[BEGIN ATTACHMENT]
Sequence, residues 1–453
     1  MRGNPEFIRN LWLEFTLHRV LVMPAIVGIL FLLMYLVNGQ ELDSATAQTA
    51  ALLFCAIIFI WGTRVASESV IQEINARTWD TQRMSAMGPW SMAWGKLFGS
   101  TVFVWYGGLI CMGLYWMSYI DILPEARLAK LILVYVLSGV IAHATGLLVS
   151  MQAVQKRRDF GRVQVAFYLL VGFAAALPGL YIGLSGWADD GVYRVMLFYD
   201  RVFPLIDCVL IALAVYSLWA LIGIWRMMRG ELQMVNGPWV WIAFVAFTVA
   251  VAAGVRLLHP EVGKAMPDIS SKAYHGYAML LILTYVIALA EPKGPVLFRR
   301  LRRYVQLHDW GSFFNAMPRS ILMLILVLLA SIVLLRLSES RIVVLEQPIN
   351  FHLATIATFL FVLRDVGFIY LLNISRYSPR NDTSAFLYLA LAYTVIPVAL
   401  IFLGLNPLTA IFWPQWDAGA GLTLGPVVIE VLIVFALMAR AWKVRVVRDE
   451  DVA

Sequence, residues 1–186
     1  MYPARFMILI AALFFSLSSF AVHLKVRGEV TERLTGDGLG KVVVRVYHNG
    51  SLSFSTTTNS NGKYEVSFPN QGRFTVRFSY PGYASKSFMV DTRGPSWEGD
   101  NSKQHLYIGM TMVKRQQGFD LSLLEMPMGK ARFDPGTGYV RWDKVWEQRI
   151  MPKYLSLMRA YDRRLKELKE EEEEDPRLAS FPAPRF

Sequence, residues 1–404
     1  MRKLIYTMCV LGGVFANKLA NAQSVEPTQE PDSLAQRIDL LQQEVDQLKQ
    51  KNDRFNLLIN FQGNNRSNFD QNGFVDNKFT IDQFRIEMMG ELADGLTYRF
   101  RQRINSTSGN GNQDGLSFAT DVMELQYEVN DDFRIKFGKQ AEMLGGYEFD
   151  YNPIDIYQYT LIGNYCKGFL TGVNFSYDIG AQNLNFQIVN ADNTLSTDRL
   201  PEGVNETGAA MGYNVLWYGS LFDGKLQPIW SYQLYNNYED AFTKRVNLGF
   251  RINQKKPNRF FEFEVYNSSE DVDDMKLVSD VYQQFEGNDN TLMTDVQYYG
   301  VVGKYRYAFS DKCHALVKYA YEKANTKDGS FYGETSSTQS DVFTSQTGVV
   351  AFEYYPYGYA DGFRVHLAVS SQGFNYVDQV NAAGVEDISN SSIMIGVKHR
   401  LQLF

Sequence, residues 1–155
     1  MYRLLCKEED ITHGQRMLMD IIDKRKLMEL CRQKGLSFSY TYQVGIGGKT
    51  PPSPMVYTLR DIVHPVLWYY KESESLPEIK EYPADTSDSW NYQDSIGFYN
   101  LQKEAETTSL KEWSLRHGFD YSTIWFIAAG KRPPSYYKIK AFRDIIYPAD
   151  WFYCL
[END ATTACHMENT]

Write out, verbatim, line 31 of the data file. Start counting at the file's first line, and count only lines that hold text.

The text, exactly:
   151  WFYCL